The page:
Soaking Nuts and Seeds

August 4, 2017

how to soak raw nutsNuts and seeds are great nutrient-dense snacks or additions to dishes, but they contain  phytic acid and enzyme inhibitors that can interfere with your ability to absorb nutrients. All plants contain phytic acid to some degree, but nuts and seeds, grains, and legumes typically contain the highest levels.

Soaking (and sprouting), nuts and seeds can help in reducing the action of the phytic acid and enzyme inhibitors and make the nutrients more available to your body.

What You Need

  • 2 cups of raw, organic nuts or seeds (best to soak one kind at a time)
  • 3-4 cups warm water to cover the nuts or seeds
  • 1 Tablespoon of salt

What To Do

  1. Place the warm water in a bowl or half-gallon glass jar. Ass the salt and let dissolve.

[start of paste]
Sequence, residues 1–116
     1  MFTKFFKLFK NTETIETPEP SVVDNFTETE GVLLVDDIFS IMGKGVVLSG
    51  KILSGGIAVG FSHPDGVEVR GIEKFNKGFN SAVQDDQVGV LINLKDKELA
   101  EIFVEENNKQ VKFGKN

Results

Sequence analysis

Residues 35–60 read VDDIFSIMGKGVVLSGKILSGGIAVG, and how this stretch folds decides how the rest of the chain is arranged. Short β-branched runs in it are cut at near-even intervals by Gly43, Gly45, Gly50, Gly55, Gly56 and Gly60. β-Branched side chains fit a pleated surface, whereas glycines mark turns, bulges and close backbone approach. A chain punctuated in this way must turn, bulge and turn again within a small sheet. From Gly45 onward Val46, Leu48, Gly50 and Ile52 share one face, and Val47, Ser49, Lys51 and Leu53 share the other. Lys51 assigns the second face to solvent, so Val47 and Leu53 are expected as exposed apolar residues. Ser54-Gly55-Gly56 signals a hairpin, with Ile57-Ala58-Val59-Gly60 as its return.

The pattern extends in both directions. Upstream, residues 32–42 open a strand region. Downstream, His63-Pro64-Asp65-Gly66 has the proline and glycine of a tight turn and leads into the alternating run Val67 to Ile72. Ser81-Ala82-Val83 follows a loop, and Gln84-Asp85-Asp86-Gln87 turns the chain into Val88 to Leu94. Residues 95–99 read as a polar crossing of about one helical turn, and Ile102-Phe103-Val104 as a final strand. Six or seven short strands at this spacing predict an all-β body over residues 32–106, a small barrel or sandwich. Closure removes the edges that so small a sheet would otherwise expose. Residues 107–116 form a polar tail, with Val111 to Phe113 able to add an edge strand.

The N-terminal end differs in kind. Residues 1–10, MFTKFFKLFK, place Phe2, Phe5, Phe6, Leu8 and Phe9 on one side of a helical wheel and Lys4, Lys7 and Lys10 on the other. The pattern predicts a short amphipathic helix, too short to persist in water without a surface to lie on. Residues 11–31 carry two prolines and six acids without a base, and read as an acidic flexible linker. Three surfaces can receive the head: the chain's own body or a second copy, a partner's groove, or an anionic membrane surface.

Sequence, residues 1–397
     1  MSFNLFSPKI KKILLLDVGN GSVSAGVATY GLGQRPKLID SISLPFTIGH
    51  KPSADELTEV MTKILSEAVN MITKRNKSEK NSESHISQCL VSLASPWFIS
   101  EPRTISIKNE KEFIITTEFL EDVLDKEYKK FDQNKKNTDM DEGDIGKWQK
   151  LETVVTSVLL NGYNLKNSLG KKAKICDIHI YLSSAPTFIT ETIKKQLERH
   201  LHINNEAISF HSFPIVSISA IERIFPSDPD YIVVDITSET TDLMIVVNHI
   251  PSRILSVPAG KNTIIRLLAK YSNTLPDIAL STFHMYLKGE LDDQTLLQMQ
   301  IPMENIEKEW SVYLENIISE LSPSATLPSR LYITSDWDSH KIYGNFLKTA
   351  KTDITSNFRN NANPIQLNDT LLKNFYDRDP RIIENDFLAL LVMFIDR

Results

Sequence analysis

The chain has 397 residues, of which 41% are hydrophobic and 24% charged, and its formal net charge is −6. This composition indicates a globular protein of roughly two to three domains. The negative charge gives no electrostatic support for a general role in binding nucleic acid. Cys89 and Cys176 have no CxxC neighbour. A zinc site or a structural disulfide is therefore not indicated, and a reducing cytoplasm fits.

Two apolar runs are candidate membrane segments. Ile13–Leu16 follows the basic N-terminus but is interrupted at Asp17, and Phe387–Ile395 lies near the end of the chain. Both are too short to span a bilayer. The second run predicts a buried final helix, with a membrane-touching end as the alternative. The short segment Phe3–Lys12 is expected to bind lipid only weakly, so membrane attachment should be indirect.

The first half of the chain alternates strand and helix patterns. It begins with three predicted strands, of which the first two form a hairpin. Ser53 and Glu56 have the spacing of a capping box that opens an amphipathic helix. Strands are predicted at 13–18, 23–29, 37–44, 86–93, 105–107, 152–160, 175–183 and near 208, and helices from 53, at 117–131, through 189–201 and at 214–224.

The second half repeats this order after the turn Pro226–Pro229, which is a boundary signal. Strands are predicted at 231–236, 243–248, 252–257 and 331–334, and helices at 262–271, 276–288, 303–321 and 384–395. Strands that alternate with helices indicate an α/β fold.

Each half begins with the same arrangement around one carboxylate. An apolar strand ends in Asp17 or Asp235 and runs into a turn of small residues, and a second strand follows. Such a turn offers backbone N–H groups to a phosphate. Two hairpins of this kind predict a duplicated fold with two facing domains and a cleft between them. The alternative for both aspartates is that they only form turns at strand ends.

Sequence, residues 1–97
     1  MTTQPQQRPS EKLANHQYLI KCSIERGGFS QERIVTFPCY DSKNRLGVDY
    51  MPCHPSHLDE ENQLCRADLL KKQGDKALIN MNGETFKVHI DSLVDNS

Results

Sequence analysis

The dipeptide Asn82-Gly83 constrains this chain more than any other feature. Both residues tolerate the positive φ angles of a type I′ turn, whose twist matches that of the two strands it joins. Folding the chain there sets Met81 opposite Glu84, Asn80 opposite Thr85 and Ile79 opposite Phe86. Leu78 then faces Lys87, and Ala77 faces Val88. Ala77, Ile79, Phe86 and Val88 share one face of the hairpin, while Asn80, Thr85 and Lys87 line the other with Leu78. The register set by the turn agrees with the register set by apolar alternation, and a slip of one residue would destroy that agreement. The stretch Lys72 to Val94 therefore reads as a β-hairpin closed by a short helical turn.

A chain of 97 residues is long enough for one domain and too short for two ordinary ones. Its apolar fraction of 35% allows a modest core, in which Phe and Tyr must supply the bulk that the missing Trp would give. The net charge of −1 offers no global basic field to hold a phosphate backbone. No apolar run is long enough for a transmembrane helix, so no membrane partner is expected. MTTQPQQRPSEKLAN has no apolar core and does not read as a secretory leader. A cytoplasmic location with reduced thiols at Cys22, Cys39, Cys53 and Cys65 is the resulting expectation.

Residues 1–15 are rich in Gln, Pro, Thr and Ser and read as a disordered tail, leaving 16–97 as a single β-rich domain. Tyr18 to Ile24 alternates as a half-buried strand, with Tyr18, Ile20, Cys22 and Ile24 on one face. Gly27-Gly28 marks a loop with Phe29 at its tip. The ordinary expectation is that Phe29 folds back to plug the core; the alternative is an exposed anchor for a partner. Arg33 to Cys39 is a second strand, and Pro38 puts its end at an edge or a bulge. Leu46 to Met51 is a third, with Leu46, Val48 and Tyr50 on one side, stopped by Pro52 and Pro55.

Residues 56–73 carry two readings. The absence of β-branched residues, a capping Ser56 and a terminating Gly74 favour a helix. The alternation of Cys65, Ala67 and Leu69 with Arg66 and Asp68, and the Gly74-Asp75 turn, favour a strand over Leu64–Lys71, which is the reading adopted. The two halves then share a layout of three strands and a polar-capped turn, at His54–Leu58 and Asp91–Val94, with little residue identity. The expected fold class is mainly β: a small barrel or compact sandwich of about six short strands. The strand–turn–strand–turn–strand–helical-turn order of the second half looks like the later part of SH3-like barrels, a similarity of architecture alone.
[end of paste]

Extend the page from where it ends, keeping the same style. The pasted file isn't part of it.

2. Add the nuts or seeds, making sure they are completely submerged.
  3. Leave uncovered on the counter for at least 7 hours, preferably overnight.
  4. Rinse in a colander and spread on a baking sheet.
  5. Bake in the oven at the lowest temperature (150°F) or dehydrate in a dehydrator if you have one, until nuts or seeds are completely dry. It’s important to follow this step, as any remaining moisture in the nuts or seeds can cause them to grow mold.

To Soak Or Not To Soak?

All nuts and seeds, except flax, chia, sesame seeds and brazil nuts, can be easily soaked and roasted. Peanuts can be soaked, but should be consumed sparingly due to their inflammatory and allergenic properties. The advantage of taking the time to soak your nuts and seeds is that the nutrients will be much more available to you and the taste is delicious!

And if just can’t find time to soak your own nuts and seeds, you can buy them all prepared from Radiant Life, Blue Mountain Organic or Better than Roasted.

Back To Blog Home

REFERENCES:

www.wellnessmama.com

Nourishing Traditions by Sally Fallon

Posted in Nutrition by Wholeness Center | Tags: